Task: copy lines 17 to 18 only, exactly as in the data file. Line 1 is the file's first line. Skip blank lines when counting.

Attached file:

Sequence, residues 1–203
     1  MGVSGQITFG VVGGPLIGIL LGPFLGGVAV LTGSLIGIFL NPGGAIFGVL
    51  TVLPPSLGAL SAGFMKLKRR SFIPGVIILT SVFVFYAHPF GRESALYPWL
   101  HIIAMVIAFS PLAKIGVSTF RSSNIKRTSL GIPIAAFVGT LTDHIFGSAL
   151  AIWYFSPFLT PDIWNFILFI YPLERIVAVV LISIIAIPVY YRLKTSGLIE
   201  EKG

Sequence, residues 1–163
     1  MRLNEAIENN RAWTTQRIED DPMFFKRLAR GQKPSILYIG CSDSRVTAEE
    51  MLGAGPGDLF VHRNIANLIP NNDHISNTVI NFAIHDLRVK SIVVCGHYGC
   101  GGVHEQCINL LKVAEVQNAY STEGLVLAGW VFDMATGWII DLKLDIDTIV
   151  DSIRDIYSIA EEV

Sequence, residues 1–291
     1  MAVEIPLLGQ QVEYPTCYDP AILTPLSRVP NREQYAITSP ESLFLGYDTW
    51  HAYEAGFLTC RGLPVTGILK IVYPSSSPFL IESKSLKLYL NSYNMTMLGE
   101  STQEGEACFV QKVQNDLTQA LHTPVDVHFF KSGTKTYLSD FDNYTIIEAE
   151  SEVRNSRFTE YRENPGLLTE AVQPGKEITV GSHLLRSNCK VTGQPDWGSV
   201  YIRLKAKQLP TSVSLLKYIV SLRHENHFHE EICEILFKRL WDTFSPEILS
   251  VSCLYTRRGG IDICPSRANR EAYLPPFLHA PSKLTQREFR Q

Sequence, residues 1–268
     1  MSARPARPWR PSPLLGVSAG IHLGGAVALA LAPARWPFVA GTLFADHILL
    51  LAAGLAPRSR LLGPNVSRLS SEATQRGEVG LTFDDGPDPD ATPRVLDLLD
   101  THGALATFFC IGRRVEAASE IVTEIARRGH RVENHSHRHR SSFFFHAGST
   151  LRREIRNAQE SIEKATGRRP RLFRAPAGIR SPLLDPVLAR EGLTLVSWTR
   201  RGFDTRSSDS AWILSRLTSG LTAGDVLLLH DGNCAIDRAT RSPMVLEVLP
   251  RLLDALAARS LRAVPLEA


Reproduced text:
   201  YIRLKAKQLP TSVSLLKYIV SLRHENHFHE EICEILFKRL WDTFSPEILS
   251  VSCLYTRRGG IDICPSRANR EAYLPPFLHA PSKLTQREFR Q